Archive for the ‘Linux User Groups’ Category

Software Freedom Day 2007!

August 30, 2007

In between conferences and other fun stuff, I was persuaded to organize another Software Freedom Day locally. Last year’s event highlighted some of the disconnect between expectations and reality among the visitors. The expectation seemed to be that Linux could resurrect any machine: “Here’s my computer. It’s 18 years old, and I used to use DOS on it. Help me put Linux on it so I can use it again.” Needless to say, we were totally unprepared for that. But I have since found that there are a lot of people out there who think buying a computer should be a once in a lifetime event. Well, maybe I exaggerate, but not much! I think I’d better dust off the dinosaur distros for this year’s event, just in case.

Here’s our announcement:

  • The Palm Beach County Linux User Group is proud to announce its second SoftwareFreedom Day/Installfest as part of SoftwareFreedom Day 2007, the biggest international celebration and outreach event for Software Freedom globally, with hundreds of teams from all around the world participating. This year the Palm Beach County Linux User Group will be hosting the event at the North County Regional Library, 11303 Campus Drive, in Palm Beach Gardens, Florida, from 10:00 AM to 12:00 P.M. on September 15, 2007. Google Map location is here.

    As part of the SoftwareFreedom Day celebration, the Palm Beach County Linux User Group will be giving away CD’s with free and open source software for Windows and Macintosh computers, including programs for graphics editing, browsing, word processing, anti-virus, e-mail, web editing, and games. Free CD’s of the popular Ubuntu Linux operating system will be available, as well as demonstrations of Linux, and assistance installing Ubuntu on personal computers. Monitors will be provided for those bringing a CPU to install Linux on.

    Stop by for giveaways, demonstrations, and to learn about Linux, a free and open source operating system available for any type of computer.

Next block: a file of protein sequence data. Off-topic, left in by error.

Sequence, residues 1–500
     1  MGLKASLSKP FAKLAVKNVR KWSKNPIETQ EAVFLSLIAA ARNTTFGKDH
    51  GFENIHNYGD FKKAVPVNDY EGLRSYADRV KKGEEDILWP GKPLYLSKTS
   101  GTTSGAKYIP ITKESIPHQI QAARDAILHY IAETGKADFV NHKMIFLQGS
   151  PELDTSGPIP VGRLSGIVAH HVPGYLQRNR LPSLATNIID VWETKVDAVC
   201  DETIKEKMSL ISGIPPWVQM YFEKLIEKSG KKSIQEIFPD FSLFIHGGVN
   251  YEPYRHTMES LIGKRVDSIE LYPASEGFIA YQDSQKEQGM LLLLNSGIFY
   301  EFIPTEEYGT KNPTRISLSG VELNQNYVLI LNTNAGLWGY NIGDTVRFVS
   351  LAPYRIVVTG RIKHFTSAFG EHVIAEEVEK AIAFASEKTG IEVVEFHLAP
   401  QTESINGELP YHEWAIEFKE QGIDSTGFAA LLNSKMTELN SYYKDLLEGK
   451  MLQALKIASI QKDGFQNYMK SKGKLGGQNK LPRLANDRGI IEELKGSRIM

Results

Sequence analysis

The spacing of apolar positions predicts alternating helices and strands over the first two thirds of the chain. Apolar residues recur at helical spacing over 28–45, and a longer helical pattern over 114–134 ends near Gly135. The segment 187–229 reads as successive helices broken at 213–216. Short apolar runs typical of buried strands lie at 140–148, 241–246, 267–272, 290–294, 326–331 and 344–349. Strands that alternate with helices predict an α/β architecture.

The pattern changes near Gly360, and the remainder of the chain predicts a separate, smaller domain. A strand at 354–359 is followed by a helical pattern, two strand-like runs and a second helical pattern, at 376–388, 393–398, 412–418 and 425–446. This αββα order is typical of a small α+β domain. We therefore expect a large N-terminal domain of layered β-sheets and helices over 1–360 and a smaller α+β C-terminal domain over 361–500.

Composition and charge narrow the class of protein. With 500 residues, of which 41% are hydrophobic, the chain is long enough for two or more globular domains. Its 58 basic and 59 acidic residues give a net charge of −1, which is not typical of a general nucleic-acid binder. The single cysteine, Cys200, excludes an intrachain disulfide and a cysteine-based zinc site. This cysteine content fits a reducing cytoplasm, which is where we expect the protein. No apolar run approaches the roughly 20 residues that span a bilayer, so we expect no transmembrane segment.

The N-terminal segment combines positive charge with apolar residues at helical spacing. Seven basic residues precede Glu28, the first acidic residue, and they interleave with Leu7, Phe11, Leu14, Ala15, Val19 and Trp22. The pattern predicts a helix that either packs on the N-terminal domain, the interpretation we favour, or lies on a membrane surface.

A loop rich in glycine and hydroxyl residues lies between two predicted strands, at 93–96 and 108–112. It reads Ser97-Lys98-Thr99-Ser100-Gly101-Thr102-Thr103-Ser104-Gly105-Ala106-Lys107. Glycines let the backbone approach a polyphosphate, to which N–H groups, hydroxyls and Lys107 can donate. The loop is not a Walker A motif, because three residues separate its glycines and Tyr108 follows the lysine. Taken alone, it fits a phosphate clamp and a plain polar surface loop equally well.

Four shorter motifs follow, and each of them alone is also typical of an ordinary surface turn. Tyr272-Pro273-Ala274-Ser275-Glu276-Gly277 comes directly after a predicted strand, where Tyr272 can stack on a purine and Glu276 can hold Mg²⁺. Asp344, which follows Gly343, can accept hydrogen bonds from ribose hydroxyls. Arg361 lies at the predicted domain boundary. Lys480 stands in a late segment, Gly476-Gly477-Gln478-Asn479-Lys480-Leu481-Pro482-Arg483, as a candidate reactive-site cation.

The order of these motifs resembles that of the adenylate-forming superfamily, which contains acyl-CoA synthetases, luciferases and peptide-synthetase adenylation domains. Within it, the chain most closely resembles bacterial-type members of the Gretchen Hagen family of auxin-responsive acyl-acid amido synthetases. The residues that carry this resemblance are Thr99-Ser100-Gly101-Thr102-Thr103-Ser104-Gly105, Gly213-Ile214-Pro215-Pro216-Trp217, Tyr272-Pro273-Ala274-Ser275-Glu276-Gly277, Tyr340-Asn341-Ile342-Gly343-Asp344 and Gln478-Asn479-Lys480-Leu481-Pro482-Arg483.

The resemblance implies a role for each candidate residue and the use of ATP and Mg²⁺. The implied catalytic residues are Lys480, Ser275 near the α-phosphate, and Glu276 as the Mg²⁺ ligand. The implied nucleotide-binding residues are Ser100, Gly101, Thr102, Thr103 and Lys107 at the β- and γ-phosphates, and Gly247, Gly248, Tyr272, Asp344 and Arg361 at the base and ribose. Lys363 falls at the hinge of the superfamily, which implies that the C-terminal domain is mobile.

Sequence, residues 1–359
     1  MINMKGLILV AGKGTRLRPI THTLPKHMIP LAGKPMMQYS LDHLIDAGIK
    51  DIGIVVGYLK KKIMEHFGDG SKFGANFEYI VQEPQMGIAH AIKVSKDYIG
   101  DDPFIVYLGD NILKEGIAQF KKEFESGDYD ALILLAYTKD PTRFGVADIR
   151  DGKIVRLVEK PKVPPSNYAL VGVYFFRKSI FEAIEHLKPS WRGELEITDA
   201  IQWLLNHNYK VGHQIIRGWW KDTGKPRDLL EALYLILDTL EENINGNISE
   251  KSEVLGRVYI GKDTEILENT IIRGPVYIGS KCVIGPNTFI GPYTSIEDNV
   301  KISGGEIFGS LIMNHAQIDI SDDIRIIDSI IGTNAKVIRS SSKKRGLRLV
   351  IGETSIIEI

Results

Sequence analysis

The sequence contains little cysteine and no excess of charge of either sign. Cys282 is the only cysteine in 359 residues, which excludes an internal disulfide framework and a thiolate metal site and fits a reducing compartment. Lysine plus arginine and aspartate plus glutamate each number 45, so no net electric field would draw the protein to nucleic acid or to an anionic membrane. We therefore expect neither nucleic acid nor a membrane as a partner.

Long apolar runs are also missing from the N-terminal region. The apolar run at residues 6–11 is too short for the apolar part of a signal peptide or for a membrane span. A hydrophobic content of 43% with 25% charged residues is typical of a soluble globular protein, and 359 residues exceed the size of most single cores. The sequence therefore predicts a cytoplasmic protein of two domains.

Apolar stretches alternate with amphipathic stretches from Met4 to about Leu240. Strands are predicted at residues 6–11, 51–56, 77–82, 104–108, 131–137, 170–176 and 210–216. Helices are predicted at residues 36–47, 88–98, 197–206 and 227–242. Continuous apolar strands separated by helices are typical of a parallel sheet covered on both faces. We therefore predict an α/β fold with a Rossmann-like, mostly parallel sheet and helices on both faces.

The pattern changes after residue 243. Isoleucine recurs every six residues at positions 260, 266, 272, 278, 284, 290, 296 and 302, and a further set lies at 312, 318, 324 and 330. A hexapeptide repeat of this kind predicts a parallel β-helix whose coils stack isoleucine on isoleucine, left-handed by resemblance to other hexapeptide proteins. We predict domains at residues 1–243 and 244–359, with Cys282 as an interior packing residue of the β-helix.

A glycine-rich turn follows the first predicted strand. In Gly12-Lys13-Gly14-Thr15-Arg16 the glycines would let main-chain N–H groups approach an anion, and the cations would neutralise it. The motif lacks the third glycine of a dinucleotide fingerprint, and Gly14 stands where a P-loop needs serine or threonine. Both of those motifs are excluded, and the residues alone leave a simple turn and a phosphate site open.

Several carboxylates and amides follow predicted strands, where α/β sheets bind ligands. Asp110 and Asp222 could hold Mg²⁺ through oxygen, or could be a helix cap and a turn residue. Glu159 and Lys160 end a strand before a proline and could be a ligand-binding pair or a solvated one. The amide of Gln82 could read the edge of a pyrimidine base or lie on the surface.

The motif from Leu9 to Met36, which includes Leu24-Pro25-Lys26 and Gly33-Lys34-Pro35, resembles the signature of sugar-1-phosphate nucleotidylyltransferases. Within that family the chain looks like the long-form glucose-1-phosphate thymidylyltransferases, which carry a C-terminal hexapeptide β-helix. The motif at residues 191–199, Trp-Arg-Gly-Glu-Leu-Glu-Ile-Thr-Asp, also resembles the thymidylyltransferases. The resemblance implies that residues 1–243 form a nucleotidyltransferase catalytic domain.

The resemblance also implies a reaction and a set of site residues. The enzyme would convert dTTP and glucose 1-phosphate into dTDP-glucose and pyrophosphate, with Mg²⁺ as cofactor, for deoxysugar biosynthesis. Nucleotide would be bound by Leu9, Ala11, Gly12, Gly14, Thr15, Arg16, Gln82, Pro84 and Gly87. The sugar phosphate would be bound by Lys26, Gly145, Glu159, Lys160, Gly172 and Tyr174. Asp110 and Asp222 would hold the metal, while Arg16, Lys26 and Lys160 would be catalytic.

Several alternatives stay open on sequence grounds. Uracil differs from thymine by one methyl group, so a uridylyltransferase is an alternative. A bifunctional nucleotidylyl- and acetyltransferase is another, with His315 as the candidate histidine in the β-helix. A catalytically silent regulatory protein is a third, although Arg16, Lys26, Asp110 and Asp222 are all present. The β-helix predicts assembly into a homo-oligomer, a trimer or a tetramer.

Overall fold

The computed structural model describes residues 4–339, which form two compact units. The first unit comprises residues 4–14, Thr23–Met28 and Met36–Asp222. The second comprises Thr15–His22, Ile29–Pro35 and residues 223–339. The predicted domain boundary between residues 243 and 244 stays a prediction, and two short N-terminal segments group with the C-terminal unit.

Unlike last year, we will probably get some curious people just from those passing by, on their way into the library. I wonder how many other libraries are venues for Software Freedom Day? It seemed like a natural to me (although it wasn’t my idea), since libraries are also in the business of open access, freedom, and making materials available for free (but for a limited time!). What’s really amazing to me is the sheer numbers of places all over the globe that are doing this.

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Linux Distros for dinosaurs

October 5, 2006

The Palm Beach County Linux User Group ran an InstallFest on Software Freedom Day, which was September 26 this year. The most successful marketing effort was to other computer user groups in the county, and several people from the Boca Raton Computer Society, in the south part of the county, and the PCRams, in the north part of the county, showed up. But a few of them brought some really old laptop computers which, amazingly, still worked! Unfortunately, I didn’t have any distros we could put on machines that old. The lowest memory one that I had on hand was XUbuntu, which requires at least 36MB of RAM. I think one of the laptops had 8MB of RAM, and another didn’t even have 1MB.

The dust has settled now, and I’ve been looking for something that will make an older machine more than just a print server. (I also happen to have an old Compaq which has only 32MB of RAM, so the search is somewhat self-serving). I came up with 5 possibilities (from combing through a search of minimalist distros on Linux.org):

  • DeLi Linux (from the website): a Linux Distribution for old computers, from 486 to Pentium MMX 166 or so. It’s focused on desktop usage. It includes email clients, graphical web browser, an office package with word processor and spreadsheet, and so on. A full install, including XOrg and development tools, needs not more than 350 MB of harddisk space.
  • University Linux (from the website): easily installed on almost any PC having 8 MBytes of free drive space and at least 8 MBytes of RAM. No hard disk partitioning is needed: University Linux can be placed on any DOS, Windows 3.1, Win98/95 or Windows ME machine without modification. With University Linux you can quickly create a dedicated TCP/IP server for your entire PC network.
  • SmoothWall Express (from the website): intended for use by anyone from a home user to a systems administrator. It can run on almost any PC from a 486 upwards, which becomes a dedicated firewall appliance (the SmoothWall box).
  • Freesco (from the website): Minimum install requires a 386sx 16 with 8mb of ram. 16+mb of ram is recommended for enabling servers. Basically turns an old machine into a fancy router.

Over the next few weeks I’ll be trying them out on my Compaq. I don’t have anything older to test them out on, but I may be able to hook up with another guinea pig! 🙂